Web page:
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Alienation: Catcher in the Rye
Transcript of Alienation: Catcher in the Rye
Textual Evidence:"I remember around three o'clock that afternoon, I was standing way the hell up on top of Thomsen Hill." Holden attempts to call someone when he is in New York but he changes his mind because he is scared of what his peers are going to view him. Due to this Holden alienates himself from them.
Textual Evidence: "The first thing I did when I got off at Penn Station, I went to this phone booth. I felt like giving someone a buzz... I couldn't think of anybody to call up. My brother D.B. was in Hollywood. My kid sister Phoebe goes to bed around nine o'clock.... Then I thought of giving Jane Gallagher's mother a buzz, but I didn't feel like it... I thought of calling this girl I used to go around with quite frequently, Sally Hayes, but I was afraid her mother'd answer the phone... Then I thought of calling up this guy that went to the Whooton School when I was there, Carl Luce, but I didn't like him much. So I ended up not calling anybody." Although, Holden loves and adores his little sister, Phoebe, he feels alienated because he isn't able to get a hold of her. From Phoebe, Holden is looking from the human connection that he needs, which he gets from his sister because she accepts Holden for who he is.
Textual Evidence: "I certainly wouldn't mind shooting the crap with old Phoebe for a while." Holden again tries to reach his peers but gets shuts down. Once again, despite being depressed and lonely, Holden is desperate for some form of social interaction. Holden attempt to reach to his peers show that he is trying to be sociable but when the attempts fail, he feels like he is alone.
Textual Evidence: "I guess it was because I was feeling so damn lonesome." Holden's loneliness propels him into his date with Sally Hayes, but his alienation causes him to insult Sally and drives her away.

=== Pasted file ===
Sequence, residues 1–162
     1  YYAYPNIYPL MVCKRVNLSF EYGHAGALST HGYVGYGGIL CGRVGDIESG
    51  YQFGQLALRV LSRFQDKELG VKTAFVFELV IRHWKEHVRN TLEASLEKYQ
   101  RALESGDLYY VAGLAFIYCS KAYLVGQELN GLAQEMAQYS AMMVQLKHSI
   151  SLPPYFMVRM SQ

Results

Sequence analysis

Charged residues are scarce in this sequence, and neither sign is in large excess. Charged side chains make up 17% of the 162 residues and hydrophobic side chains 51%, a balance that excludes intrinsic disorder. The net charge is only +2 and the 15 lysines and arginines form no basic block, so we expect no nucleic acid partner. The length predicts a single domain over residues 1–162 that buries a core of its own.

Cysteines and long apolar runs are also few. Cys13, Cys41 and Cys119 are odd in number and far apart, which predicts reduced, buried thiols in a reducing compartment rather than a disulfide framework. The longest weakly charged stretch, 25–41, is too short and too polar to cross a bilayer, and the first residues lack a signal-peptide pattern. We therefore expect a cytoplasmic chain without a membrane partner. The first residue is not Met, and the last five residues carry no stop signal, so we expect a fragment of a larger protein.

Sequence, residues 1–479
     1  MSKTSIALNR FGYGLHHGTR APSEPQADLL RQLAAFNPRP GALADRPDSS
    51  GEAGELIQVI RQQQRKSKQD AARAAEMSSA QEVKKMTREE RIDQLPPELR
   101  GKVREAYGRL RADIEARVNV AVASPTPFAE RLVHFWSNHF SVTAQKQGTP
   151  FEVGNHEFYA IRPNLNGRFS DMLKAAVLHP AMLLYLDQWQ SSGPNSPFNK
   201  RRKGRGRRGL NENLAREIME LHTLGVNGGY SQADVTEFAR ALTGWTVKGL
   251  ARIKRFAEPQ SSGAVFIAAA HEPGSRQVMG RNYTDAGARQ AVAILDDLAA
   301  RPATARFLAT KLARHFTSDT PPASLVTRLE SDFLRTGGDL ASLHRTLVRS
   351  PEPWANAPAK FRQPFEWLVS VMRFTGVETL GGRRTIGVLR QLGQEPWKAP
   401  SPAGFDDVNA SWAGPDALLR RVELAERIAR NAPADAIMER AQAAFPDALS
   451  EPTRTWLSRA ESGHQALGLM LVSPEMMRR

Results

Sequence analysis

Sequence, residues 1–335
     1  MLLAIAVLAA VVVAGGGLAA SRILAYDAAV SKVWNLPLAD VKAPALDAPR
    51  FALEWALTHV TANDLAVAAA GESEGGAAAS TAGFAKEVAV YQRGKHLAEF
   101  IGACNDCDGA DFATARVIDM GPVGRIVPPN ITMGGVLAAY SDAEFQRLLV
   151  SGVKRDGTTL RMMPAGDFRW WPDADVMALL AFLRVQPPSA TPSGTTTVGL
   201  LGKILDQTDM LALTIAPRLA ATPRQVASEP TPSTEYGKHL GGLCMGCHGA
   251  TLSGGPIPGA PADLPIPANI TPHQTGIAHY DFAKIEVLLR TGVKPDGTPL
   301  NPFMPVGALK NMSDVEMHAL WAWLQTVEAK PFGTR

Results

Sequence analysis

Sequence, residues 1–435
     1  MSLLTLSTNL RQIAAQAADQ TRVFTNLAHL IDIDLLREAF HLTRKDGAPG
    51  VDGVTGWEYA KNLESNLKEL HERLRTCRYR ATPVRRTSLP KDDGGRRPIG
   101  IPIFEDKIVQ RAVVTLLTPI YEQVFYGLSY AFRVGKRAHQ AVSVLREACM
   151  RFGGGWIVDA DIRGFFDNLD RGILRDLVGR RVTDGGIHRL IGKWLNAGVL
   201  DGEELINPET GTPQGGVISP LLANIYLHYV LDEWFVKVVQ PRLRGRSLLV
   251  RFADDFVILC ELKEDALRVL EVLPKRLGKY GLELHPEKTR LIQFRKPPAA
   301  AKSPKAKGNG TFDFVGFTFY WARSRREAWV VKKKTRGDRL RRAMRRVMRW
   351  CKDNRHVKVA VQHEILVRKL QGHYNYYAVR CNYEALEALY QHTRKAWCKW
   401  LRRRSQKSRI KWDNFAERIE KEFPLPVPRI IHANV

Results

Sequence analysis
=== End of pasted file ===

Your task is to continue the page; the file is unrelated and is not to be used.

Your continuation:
Textual Evidence: " You give me a royal pain in the ass, if you want to know the truth..." Isolation from a group or an activity to which one should belong or in which one should be involved. Throughout the novel, "The Catcher in the Rye" Holden Caulfield alienates himself from everyone and the world because he cannot fit in with the expectations of his peers and the world around him. Holden is faced with denial and rejection from all quarters. Holden perceives his loneliness and isolation and wants to break the confines of his alienation by making some form of human connection. Alienation both protects and harms Holden. It protects him by ensuring that he will not ever have to form connections with other people that might wind up causing awkwardness, rejection, or the sort of intense emotional pain he felt when Allie died. Just as Holden wears his hunting cap as a sign of independence, separation, and protection from the world, he creates his own alienation for the same purpose. The problem, though, is that Holden is human. He may wish that he didn't need human contact, but he does. So while his alienation protects him, it also severely harms him, making him intensely lonely and depressed. Alienation in the Catcher in the Rye Alienation in Chapter 10 Alienation in Chapter 20 Alienation in Chapter 7 Holden alienates himself when he leaves Pencey Prep earlier then expected and goes to New York until things settle down with his parents.
Textual Evidence: "I decided I'd take a room in a hotel in New York- some very meopensive hotel and all and just take it easy 'till Wednesday" Alienation in Chapter 7 Holden is alienated as he stares out the window and wines he was lonely.
Textual Evidence: "I got up and went over and looked out the window. I felt so lonesome all of a sudden." Alienation in Chapter 16 When Holden asks the little girl in the park if she would like some hot chocolate after helping him, he feels alienated because she rejected him. Holden feels sad and alone, so he leaves the park.
Textual Evidence: "I asked her is she cared to have a hot chocolate with me, but she said no thank you. She had to meet her friend." Alienation in Chapter 17 Thanks For Listening